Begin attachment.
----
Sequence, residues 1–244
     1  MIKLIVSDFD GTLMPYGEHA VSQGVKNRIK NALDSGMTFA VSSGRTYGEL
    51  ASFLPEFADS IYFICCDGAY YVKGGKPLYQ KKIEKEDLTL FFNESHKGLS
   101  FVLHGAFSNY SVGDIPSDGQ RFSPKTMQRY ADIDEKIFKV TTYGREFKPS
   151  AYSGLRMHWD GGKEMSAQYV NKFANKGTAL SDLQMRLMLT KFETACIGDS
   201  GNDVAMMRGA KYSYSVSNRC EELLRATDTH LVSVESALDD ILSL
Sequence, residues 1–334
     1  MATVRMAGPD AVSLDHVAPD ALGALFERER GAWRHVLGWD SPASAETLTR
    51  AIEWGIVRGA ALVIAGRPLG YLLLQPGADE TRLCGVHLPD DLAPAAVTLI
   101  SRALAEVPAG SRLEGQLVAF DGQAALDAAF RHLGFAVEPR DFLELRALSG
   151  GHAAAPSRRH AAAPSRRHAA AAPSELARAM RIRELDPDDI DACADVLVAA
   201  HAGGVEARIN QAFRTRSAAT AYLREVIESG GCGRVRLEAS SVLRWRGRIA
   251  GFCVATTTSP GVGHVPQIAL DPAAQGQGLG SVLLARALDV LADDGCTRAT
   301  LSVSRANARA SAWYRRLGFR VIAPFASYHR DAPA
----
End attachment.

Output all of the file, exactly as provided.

Sequence, residues 1–244
     1  MIKLIVSDFD GTLMPYGEHA VSQGVKNRIK NALDSGMTFA VSSGRTYGEL
    51  ASFLPEFADS IYFICCDGAY YVKGGKPLYQ KKIEKEDLTL FFNESHKGLS
   101  FVLHGAFSNY SVGDIPSDGQ RFSPKTMQRY ADIDEKIFKV TTYGREFKPS
   151  AYSGLRMHWD GGKEMSAQYV NKFANKGTAL SDLQMRLMLT KFETACIGDS
   201  GNDVAMMRGA KYSYSVSNRC EELLRATDTH LVSVESALDD ILSL
Sequence, residues 1–334
     1  MATVRMAGPD AVSLDHVAPD ALGALFERER GAWRHVLGWD SPASAETLTR
    51  AIEWGIVRGA ALVIAGRPLG YLLLQPGADE TRLCGVHLPD DLAPAAVTLI
   101  SRALAEVPAG SRLEGQLVAF DGQAALDAAF RHLGFAVEPR DFLELRALSG
   151  GHAAAPSRRH AAAPSRRHAA AAPSELARAM RIRELDPDDI DACADVLVAA
   201  HAGGVEARIN QAFRTRSAAT AYLREVIESG GCGRVRLEAS SVLRWRGRIA
   251  GFCVATTTSP GVGHVPQIAL DPAAQGQGLG SVLLARALDV LADDGCTRAT
   301  LSVSRANARA SAWYRRLGFR VIAPFASYHR DAPA